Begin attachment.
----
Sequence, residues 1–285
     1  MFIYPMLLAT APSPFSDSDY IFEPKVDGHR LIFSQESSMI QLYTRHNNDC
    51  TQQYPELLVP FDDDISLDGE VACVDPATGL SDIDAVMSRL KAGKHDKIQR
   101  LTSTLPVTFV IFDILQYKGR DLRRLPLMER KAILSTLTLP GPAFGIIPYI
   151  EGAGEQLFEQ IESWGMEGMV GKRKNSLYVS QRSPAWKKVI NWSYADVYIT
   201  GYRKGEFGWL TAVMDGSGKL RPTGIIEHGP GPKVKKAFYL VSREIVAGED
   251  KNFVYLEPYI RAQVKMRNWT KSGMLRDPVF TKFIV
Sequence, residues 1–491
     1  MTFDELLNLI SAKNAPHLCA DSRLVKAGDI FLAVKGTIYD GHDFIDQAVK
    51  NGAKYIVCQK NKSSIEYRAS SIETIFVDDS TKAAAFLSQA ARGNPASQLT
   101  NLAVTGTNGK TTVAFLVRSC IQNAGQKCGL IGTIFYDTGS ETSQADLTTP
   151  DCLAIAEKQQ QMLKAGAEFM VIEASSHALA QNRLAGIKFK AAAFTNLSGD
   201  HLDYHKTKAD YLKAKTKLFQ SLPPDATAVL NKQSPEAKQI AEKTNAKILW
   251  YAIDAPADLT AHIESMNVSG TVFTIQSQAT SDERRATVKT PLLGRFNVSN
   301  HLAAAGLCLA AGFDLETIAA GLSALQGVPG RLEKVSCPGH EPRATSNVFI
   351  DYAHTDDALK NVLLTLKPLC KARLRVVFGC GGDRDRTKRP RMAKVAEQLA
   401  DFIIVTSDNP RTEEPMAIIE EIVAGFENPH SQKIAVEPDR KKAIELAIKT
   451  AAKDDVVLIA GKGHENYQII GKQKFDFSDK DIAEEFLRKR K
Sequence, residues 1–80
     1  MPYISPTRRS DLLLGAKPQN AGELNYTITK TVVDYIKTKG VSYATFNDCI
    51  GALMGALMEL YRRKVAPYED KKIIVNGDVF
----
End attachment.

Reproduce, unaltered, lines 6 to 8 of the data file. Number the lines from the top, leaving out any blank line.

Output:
   201  GYRKGEFGWL TAVMDGSGKL RPTGIIEHGP GPKVKKAFYL VSREIVAGED
   251  KNFVYLEPYI RAQVKMRNWT KSGMLRDPVF TKFIV
Sequence, residues 1–491